The Calico Museum of Ahmedabad proved to be a treasure trove for the pair, both in terms of textiles available as well as books they had printed over the years. The Weavers Service Centre, set up by the Government of India, also provided invaluable help and insight. There were also some passionate collectors of old books and catalogues who came to rescue. The ladies also inherited a lot of textiles from their families and brought them from other patrons who had some exemplaryantique textiles to share.

Equipped with an arsenal of knowledge and samples for reference, the duo set about their objective of reviving the glorious tradition of weaving the most stunning natural yarn silks. “One of the saris we designed, called the ‘Mehrab’, was inspired by the Mughal architecture of the windows in the zananas. The shape of the bootas was inspired by the shape of the windows and the flower in the boota, by the shape of the etchings on the walls,” elaborates Agarwal. Incidentally, this is the same sari that Bollywood actress Aishwarya Rai wore for her special luncheon early last year with the French President, Francois Hollande.

THE CONTEMPORARY MAKEOVER

Each sari takes a minimum of four weeks (which can extend up to nine months) to weave on the loom depending on the intricacy of the design and number of shuttles employed to create the design. The process includes timeconsuming creation of design on graphs and then punching cards by experts to go up on the jacquard loom. These cards guide the weaver to create the design. After it comes off the loom, a beautiful jaali is created on the pallu with leftover threads of resham from the warp. These silks use the finest quality of mulberry yarn, the jaamdanis require fragile 100 count single ply cotton yarn and the very soft, malleable real zari is used to weave the special tissues. The resultant effect of the natural mulberry yarn is a silk with a very understated sheen and a surprisingly nubby finish from being hand-woven as you feel the uniquely textured fabric with your hands.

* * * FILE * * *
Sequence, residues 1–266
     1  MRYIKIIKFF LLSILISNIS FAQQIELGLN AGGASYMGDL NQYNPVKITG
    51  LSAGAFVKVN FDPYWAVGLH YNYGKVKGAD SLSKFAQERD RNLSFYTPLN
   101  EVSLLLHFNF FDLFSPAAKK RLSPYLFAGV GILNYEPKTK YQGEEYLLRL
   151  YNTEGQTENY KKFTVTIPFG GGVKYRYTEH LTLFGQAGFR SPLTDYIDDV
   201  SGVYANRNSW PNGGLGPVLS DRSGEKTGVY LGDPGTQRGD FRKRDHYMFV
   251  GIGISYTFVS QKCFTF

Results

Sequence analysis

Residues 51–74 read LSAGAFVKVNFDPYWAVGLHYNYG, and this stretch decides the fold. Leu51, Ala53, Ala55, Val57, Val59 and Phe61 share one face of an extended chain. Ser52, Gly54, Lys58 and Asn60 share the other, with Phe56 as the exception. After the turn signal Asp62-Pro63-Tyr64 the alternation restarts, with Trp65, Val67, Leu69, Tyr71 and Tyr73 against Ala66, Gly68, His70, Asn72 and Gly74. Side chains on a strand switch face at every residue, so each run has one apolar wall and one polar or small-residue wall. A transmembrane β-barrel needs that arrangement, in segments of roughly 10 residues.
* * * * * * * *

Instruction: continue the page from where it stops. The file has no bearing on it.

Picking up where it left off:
Prime Minister Narendra Modi’s ‘Make In India’ movement gave an unprecedented impetus to the Indian art. The highly publicised initiative by the visionary Prime Minister has re-instilled a deep pride towards all things Indian amongst people of all ages, in great degree to the indigenous textile sector as well. These silks today are the cynosure of global buyers and media attention alike as they make regular appearances on the runways at various fashion weeks.

HERITAGE SILK GO GLOBAL

The future is certainly looking bright with the weaver, as well as others, creating handlooms and turning them into covetable fashion. Mainstream designers today are embracing handlooms and adding a creative twist to them. The contemporary customer is also gravitating towards organic hand-woven material. Young wearers are adapting them in a new avatar by accessorising their saris with out-of-the box blouses like the cold shoulder blouse, crop tops, sheer organza blouse as well as collared shirts, jackets and boots. Another hugely popular trend being seen is that of the sari gown, wherein a classic sari is transformed into a stunning ensemble with a western silhouette.

Text: Anjali Arjan Vaswani